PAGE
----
Part 3 of our 3 part sermon series, Three Simple Rules inspired by Bishop Job’s book of the same name.
Practice makes perfect.
It’s a familiar saying to most of us and at least according to one poll it is the most influential saying of our lives. That’s not to belittle things like natural talent, skill, or motivation, but even the most talented and skillful people cannot succeed without practice. I should know. Not that I’m the most talented or skillful. But when I entered UCLA, I declared pre-med as my major which meant I had to take Chem 11A, B, and C. They’re called “weeder” classes for a reason because they’re meant to weed out people and thin the herd. Boy, was that the case for me. I had always done really well in high school and good grades came kind of easy for me. I wasn’t prepared for the kind of competition I would face at UCLA. I graduated in the top 5% of my class, but now I was at a school where everyone was at the top 5% of their class. I barely passed Chem 11A so I knew 11B would be a challenge. I had done alright on my first midterm and thought I had studied for the second pretty well, but when the professor passed out the test, I looked at the pages and couldn’t answer one single question. It was the worst feeling in the world. I must have studied the wrong material or just didn’t study hard enough. I looked at each page at least three times and realized there was no way I would pass this test. Thankfully, we were able to drop our worst grade so that was some slight consolation. But I just sat there feeling awful. The class was an hour and fifteen minutes long and I didn’t want to just leave right away, so I waited for half an hour, wrote my name on each page as instructed, and walked up to the front to turn it in. When I did, the super-smart kids in the front row who broke the bell curve in grades all looked up at me with a mixture of panic and envy in their eyes. One of them even said, “Oh no!” or something like that, and I walked out smiling. It was the only joyful part of the day. But it was clear that I was not prepared for that experience. When I went to grad school (both times) I did much better, realizing from the beginning that if I didn’t maintain the kind of discipline and rigor that was necessary, I wouldn’t do well. Practice makes perfect.
It is important when you’re trying to do well at anything.
Whether it’s chemistry or basketball or playing music you need to practice over and over to improve on your skills. That probably comes as no surprise to you since the saying, “Practice makes perfect” was voted the most influential idiom of our lives. But the same is true for our faith. We’re going to read this morning from a passage in Colossians 2:6-8. Colossians 2:6-8. So if you have a Bible or a Bible app on your phone, if you would find this passage we’ll read from that this morning. Colossians 2:6-8. Paul was writing to the church because he was worried that they might drift away from their faith, that they might be tricked or duped to follow someone else or go another way. If you remember, Christianity at the time was still in its infancy and it’s not like they could Skype with Paul and hear what he had to say. They couldn’t record his sermons and digitally project them on a screen for the church at Colossae. It was much harder to guide each church with the distance between them, so Paul wrote this letter to encourage them to keep the faith and to be wary of those preaching a different Gospel. This is what he shares with the church in our passage this morning.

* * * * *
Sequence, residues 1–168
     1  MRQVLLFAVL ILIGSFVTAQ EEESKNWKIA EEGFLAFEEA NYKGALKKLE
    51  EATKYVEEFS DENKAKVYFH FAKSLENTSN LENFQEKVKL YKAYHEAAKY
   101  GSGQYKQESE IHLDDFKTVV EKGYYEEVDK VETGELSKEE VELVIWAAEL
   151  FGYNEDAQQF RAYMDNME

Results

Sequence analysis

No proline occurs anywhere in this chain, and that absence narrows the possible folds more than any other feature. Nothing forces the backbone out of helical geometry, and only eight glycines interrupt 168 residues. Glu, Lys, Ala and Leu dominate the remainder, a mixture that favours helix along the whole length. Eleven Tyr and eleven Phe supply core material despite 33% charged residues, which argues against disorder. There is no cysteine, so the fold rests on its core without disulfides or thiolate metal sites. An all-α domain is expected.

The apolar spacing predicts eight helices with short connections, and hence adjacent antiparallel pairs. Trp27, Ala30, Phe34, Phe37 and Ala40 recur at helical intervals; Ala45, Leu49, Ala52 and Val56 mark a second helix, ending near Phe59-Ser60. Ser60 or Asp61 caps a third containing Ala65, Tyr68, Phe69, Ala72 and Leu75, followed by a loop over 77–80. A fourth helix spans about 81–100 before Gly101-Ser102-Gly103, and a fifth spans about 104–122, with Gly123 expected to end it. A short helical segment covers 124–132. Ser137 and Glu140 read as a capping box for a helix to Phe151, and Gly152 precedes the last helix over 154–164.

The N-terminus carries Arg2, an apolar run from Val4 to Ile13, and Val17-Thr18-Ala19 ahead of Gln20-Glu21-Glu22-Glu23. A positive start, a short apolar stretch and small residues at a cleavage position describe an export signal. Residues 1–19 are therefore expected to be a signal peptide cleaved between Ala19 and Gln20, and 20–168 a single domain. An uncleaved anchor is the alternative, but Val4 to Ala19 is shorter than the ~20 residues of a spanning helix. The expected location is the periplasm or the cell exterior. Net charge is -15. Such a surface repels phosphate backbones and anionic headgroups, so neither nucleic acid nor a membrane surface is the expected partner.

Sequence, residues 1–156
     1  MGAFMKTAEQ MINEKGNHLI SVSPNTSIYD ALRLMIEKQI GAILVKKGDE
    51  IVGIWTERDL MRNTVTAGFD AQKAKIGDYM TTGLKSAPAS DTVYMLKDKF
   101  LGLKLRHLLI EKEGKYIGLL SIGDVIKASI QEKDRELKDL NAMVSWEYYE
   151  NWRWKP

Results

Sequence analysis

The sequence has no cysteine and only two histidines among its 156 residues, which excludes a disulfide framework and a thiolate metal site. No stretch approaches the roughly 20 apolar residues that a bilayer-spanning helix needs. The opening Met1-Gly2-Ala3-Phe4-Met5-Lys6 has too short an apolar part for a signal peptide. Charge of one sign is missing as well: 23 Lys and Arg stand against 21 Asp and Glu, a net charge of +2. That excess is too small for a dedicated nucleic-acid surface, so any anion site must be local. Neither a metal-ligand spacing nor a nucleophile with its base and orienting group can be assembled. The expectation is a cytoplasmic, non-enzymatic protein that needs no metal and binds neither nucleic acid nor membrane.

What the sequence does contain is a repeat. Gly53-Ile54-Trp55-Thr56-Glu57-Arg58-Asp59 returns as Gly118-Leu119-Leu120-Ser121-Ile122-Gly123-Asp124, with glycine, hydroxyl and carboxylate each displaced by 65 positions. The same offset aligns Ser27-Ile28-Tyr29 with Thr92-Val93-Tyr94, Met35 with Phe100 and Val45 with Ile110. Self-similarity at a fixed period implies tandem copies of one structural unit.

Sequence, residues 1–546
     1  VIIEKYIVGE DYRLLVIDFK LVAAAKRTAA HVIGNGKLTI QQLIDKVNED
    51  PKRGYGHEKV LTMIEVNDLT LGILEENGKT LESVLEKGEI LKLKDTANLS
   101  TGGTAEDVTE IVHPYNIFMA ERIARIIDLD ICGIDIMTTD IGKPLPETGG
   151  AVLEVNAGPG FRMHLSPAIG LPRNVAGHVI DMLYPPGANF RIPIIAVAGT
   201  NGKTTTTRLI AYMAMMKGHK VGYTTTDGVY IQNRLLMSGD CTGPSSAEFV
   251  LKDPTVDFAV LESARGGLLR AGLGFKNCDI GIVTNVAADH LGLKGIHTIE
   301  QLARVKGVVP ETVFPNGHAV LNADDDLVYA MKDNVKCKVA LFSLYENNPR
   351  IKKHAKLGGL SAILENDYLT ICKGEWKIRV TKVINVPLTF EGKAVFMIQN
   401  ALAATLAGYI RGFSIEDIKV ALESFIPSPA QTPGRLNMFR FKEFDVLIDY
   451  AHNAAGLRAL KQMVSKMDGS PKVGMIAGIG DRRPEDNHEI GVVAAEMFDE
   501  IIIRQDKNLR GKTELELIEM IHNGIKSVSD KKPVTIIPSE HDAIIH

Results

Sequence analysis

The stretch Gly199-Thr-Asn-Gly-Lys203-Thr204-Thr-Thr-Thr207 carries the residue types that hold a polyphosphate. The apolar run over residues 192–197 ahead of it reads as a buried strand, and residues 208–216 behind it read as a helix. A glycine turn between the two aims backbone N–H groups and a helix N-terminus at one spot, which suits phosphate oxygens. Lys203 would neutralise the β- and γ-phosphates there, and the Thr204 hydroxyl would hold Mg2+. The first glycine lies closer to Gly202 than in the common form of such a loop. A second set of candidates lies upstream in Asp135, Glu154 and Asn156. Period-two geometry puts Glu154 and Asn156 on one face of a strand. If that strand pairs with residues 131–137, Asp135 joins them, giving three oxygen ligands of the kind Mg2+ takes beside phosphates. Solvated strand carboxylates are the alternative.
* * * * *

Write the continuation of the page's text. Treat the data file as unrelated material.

6 So then, just as you received Christ Jesus as Lord, continue to live your lives in him, 7 rooted and built up in him, strengthened in the faith as you were taught, and overflowing with thankfulness.
8 See to it that no one takes you captive through hollow and deceptive philosophy, which depends on human tradition and the elemental spiritual forces of this world rather than on Christ.
Sometimes it’s amazing to me how similar our problems are to those of Paul’s time.
Paul had to battle many of the same kinds of concerns we do today and this topic is no different. He was worried people would drift away from Jesus. That they would be “oohed” and “aahed” by something fancier or something that fit their lifestyle better and would turn away from everything they were taught. Paul wasn’t there to help them stay in line or correct them if they went astray so instead he encouraged them to remember the teachings, to be “rooted” in Christ, to build each other up and strengthen each other’s faith, to remind one another that it is from God they have received their blessings. In essence to “stay in love with God.” As you know, we’ve been talking about the Three Simple Rules of Methodism – do no harm, do good, and stay in love with God. And two weeks ago we talked about how doing no harm involves being thoughtful. We talked last week how doing good involved being proactive. And today we’re talking about how staying in love with God requires practice. Staying in love with God requires practice. Like Paul was telling the Colossian church to stay rooted in Christ and to remember their teachings, John Wesley taught the same basic principles. He told those who became part of the Methodist societies they needed to regularly attend to all the ordinances of God. By that he meant they needed to do those everyday things, those regular things, over and over again to really make God a part of their lives. They needed to pray. They needed to read their Bibles. They needed to be in small groups together. They needed to take communion. They needed to go to worship. It’s those everyday routines Wesley felt were most important to keep us connected to God, and Paul in this passage stresses the same thing. Paul encourages the church to “continue to live your lives in him, rooted and built up in him, strengthened in the faith as you were taught, and overflowing with thankfulness.”